The original version article was published on Physician’s Practice.
Health system and hospital leaders are increasingly looking to deploy sophisticated techniques to improve operational efficiency and mine the enormous amount of clinical, operational, and financial data that already exists within their electronic health records (EHR). This begs the natural question—if the data mostly exists in the EHR, why can’t the EHR do these things for us?
Many EHR vendors will assert that their software platform can perform these management functions, or if not will soon be doing so in an upcoming release. The senior leadership in the health system would like to believe that the EHR they selected can deliver these capabilities. After all, they invested tens or hundreds of millions of dollars and a countless number of FTE-hours deploying the EHR.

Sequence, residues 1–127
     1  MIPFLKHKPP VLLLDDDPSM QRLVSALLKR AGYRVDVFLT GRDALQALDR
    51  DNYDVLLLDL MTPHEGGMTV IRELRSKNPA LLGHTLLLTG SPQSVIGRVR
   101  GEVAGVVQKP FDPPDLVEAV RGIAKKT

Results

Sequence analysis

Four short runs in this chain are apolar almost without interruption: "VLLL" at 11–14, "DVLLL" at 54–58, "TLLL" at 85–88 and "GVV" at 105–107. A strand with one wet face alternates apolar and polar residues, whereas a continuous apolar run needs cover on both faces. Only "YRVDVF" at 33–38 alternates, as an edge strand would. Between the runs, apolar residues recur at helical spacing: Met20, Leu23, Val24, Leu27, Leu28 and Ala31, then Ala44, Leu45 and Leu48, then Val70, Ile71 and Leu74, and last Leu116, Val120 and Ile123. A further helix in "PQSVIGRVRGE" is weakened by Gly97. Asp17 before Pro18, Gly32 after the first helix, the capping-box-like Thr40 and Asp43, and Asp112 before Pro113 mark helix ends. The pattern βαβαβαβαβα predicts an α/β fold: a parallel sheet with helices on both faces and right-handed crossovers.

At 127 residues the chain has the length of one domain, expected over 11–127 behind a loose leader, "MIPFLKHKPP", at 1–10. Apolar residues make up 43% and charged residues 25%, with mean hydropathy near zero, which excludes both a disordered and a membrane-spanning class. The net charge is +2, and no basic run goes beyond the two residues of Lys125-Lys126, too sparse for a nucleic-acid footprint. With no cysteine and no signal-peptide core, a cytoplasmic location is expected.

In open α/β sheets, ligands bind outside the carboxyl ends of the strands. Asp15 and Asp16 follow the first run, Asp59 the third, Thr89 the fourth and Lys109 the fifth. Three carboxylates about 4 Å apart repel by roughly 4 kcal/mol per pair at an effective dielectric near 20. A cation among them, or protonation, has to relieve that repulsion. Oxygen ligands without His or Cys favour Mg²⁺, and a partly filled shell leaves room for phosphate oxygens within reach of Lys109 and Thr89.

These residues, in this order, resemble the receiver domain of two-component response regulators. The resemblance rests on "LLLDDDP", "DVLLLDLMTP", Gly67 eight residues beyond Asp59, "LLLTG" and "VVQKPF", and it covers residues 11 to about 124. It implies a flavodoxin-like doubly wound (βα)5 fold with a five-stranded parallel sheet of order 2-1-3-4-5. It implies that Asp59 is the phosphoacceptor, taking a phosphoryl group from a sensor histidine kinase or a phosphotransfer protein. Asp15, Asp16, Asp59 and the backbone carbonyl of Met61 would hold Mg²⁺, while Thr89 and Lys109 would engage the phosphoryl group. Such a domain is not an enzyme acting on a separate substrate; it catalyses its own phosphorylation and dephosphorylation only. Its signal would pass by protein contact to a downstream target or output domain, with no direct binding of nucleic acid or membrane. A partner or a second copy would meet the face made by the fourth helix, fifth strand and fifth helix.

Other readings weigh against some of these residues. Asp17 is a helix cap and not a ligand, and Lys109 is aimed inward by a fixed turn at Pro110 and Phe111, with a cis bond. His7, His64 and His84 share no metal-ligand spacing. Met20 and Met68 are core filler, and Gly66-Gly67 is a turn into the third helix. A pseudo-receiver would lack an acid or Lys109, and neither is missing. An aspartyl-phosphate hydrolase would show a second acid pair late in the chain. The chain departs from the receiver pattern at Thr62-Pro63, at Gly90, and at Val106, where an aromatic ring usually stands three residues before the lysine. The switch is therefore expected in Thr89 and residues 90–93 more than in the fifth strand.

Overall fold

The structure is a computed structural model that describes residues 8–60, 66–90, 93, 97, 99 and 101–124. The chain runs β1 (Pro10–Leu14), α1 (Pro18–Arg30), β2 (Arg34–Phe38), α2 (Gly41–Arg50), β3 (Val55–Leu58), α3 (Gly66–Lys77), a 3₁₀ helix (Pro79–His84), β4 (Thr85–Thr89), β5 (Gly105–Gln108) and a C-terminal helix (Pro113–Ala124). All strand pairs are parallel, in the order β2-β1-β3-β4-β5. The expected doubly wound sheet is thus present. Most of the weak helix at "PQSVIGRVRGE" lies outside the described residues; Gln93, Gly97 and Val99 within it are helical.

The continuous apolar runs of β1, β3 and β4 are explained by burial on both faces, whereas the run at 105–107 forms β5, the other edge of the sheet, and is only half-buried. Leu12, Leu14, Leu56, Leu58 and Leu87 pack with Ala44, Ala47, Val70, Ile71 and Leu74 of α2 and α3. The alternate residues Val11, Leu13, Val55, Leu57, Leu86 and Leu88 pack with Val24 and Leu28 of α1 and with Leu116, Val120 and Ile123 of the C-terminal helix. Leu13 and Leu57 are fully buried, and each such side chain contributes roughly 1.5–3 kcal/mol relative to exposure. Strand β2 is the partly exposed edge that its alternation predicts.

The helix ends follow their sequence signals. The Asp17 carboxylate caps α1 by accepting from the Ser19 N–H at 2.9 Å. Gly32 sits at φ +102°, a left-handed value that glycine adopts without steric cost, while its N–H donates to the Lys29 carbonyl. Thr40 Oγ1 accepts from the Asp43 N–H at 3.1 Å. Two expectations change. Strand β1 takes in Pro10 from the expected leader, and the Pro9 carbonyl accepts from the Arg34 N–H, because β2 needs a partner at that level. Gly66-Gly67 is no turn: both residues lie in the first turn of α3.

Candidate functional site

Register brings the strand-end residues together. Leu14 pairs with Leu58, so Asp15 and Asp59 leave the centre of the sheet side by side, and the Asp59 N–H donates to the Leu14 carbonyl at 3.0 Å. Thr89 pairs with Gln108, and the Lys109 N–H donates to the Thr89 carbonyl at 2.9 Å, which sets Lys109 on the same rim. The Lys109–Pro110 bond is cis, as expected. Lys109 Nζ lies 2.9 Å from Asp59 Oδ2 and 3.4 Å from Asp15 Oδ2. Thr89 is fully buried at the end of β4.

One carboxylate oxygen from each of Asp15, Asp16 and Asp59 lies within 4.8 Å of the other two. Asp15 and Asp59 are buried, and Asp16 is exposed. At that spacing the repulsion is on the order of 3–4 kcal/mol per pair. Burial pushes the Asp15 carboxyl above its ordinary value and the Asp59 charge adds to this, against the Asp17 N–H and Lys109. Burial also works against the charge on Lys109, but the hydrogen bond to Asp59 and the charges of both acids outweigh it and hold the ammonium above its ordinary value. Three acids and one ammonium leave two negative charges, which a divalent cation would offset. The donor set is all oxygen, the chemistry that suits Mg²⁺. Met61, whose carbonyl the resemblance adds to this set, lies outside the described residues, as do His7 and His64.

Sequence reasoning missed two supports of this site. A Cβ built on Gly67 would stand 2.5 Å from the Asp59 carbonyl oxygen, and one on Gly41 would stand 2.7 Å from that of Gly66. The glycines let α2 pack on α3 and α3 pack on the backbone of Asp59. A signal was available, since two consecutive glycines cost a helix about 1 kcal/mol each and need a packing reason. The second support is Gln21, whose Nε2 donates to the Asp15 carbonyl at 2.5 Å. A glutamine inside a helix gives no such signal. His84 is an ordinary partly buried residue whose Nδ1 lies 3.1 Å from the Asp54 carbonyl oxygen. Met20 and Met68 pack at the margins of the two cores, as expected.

The EHR is excellent at doing what it was designed and chosen to do— harnessing all of the clinical, financial, operational, and patient-specific data in one place to create a single source of truth for the entire health system. It provides a unified view of all patient encounters across time and across all points of care, showing clinicians and staff a current view of the patient’s unique characteristics; however, the EHR cannot perform tasks it wasn’t built to perform.